One pastor’s qualms

pandemic 1We gathered last night with about 25 parishioners who will be among the ministers welcoming people back to church as we celebrate public Masses beginning this weekend. It was great to see faithful parishioners I haven’t seen in more than two months, and it was wonderful to have a gathering in church that involved more than six people. But.

Seating just these 25 people while honoring the physical distancing protocols was tricky. It required patience, flexibility and creativity on the part of those doing the seating and those who were being seated. Yes, several of them were told where they had to sit! Will everyone who comes to Mass be so willing? Will everyone wait patiently at six-foot distances the way these people did? We also discovered that if we are honest in terms of the necessary distancing, you won’t fit as many people into our pews as we’d imagined.

More than the technical aspects I increasingly struggle with whether this is the right thing to do. We aren’t going to concerts or ball games, festivals or fairs, and we won’t be going, it seems, for quite some time. Most of us aren’t going to restaurants or coffee shops, if they are even open. Many of us are going to the grocery store once or twice a week, at most. Some of us have stopped going to certain businesses because of their woeful lack of precaution.

Going to church, then, is one of the few activities – maybe the only activity – that comes to mind in which people are gathering in groups, such as we will at our parish this weekend. And we’ll be doing it three times. Is it safe? Is it appropriate? Is it responsible? Those are questions that haunt me through this entire process of returning. And I can’t honestly and definitively answering any of them in the affirmative.

When we began sharing our Masses on-line back in March I had two concerns: that we do it in a manner that was respectful to the liturgy; and that we do it responsibly, in that ministers who joined us in church were able to conduct their ministry in a safe manner. More or less, I’m confident we have been respectful and responsible.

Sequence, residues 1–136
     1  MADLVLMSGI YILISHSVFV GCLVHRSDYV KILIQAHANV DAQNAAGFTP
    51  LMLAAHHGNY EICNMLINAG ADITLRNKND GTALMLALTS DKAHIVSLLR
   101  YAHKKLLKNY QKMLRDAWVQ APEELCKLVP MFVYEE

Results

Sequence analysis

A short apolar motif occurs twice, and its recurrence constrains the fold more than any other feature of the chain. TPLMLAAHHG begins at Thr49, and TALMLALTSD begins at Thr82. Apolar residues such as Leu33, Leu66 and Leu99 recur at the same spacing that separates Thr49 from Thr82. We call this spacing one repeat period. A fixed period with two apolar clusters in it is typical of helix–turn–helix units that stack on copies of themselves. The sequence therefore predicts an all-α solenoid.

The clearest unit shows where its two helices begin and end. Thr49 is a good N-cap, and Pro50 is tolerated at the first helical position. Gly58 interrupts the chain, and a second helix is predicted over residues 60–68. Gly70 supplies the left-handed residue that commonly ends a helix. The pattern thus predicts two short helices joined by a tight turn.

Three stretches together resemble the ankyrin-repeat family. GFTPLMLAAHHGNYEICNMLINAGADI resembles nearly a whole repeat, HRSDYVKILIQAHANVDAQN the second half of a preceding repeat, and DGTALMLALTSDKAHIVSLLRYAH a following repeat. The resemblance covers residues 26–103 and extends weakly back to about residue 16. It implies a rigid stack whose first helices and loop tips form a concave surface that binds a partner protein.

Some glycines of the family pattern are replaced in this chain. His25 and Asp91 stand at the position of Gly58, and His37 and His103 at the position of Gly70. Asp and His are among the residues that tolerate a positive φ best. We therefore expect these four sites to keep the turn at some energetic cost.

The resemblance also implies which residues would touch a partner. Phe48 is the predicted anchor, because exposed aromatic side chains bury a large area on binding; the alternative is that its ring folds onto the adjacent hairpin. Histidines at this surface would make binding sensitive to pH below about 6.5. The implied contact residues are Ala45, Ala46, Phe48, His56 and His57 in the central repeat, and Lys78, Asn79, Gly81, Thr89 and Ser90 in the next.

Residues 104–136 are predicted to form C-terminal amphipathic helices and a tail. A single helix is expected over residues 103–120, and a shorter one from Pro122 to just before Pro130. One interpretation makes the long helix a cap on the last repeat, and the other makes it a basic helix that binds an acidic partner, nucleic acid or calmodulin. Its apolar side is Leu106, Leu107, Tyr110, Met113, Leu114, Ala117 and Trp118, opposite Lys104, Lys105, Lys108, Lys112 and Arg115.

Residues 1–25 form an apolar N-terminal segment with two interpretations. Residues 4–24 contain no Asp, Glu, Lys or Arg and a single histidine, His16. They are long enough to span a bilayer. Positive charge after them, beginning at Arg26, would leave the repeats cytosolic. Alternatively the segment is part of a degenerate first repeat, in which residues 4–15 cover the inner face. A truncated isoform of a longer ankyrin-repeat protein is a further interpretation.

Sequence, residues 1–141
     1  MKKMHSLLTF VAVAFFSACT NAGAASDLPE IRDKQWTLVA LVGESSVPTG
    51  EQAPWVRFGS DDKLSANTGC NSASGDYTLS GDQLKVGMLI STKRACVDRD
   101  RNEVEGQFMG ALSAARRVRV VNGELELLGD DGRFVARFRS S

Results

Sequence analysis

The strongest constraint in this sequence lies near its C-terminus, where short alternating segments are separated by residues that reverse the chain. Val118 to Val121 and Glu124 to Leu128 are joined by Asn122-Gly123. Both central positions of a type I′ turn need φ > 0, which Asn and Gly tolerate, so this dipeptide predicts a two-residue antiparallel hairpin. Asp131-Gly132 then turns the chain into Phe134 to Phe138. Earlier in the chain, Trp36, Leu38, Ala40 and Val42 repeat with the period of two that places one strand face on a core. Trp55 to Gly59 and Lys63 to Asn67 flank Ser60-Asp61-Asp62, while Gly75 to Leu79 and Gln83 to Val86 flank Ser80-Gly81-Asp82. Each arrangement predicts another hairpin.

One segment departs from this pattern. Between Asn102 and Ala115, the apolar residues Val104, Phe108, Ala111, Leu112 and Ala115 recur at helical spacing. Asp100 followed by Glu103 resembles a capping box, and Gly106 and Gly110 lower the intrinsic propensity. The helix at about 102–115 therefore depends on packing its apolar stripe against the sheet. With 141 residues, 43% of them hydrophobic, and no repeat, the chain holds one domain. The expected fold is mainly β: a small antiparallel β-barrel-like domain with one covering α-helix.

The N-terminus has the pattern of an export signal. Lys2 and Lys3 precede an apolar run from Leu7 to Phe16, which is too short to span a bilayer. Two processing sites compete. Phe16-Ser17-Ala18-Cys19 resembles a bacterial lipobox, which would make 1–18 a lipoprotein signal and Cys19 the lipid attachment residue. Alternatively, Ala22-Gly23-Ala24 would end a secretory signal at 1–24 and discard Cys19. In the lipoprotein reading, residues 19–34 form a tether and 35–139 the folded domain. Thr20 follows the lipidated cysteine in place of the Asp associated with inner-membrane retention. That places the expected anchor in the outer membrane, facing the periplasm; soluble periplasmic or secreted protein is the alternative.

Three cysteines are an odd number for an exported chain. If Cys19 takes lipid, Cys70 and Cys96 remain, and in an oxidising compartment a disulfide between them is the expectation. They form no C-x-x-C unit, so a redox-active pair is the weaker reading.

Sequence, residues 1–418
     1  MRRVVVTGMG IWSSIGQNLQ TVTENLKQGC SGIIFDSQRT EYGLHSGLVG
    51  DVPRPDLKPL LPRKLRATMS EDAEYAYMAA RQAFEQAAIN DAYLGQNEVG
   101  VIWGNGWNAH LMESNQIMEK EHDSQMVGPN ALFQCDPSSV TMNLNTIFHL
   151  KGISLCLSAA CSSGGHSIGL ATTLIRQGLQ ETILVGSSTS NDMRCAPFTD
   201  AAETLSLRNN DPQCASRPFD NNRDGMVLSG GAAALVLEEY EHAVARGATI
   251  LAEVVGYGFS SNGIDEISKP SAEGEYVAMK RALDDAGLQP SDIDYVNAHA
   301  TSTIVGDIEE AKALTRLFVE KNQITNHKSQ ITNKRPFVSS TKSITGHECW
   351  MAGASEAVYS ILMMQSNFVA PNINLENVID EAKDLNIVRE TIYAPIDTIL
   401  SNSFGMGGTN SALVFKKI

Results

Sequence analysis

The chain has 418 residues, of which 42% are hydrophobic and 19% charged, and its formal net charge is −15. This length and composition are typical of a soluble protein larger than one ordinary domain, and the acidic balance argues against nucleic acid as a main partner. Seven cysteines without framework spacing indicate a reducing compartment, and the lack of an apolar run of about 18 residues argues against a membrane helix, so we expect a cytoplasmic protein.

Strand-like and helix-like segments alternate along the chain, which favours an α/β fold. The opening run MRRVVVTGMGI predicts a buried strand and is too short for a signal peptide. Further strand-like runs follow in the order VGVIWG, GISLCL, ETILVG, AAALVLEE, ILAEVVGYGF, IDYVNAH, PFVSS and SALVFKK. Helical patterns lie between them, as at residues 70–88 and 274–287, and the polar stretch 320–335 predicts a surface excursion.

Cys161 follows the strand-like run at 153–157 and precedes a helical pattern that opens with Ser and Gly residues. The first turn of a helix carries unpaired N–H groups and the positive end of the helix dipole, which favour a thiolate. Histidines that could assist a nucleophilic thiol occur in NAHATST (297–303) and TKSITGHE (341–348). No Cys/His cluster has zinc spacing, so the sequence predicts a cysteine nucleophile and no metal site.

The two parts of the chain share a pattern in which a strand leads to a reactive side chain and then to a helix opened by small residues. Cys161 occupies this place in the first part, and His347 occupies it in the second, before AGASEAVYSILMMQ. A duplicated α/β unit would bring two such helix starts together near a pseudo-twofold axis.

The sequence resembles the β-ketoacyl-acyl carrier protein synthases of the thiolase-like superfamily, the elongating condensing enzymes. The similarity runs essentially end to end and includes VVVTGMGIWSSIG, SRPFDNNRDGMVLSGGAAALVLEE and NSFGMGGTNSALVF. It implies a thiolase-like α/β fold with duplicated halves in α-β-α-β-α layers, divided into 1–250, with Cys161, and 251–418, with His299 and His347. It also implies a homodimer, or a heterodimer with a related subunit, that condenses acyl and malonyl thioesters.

As we supposedly “return” to Mass I have those same concerns. (I put “return” in quotes because 1) few members of our usual assembly will decide to return at this time, which is understandable and, to be honest, laudable; and 2) because what they encounter will be starkly different than what they last experienced in mid-March.) Now, I am concerned that the accommodations we are imposing, all of which I appreciate and advocate, also compromise, I fear, the integrity of what we are doing. The various precautions pertaining to registering, gathering, singing, receiving communion, wearing masks – all of these are necessary and yet all of them are problematic to a worthy celebration of the Mass. Furthermore, and of greatest concern, I fear we’re being irresponsible as we open doors and invite people back? Aren’t we luring people, some who are potentially among the most vulnerable, into a situation that puts them at greater risk and puts others at risk?

Horror of horrors, all of this prompt me to wonder if Mass on-line isn’t more respectful and responsible than what we’ll begin doing this weekend! (Which is why we’ll continue to offer that possibility.)

There’s no conclusion to this, or at least not one that’s satisfactory. Our doors will be open, literally propped open so that people don’t touch the handles. We’ll celebrate Mass with the limited number of people who choose to participate and reserved a spot, as well as those ministers who answered our call for assistance. We’ll follow all the necessary precautions as best we can. The Eucharist will be celebrated! And yet, as pained as I am to ask, Is that the right thing to do? And, to those who choose to join us for Mass on-line: don’t apologize, we’re glad you’ll be watching. The reality is, to take grossly out of context what Jesus once said to Martha regarding Mary, you (may) have chosen the better part.


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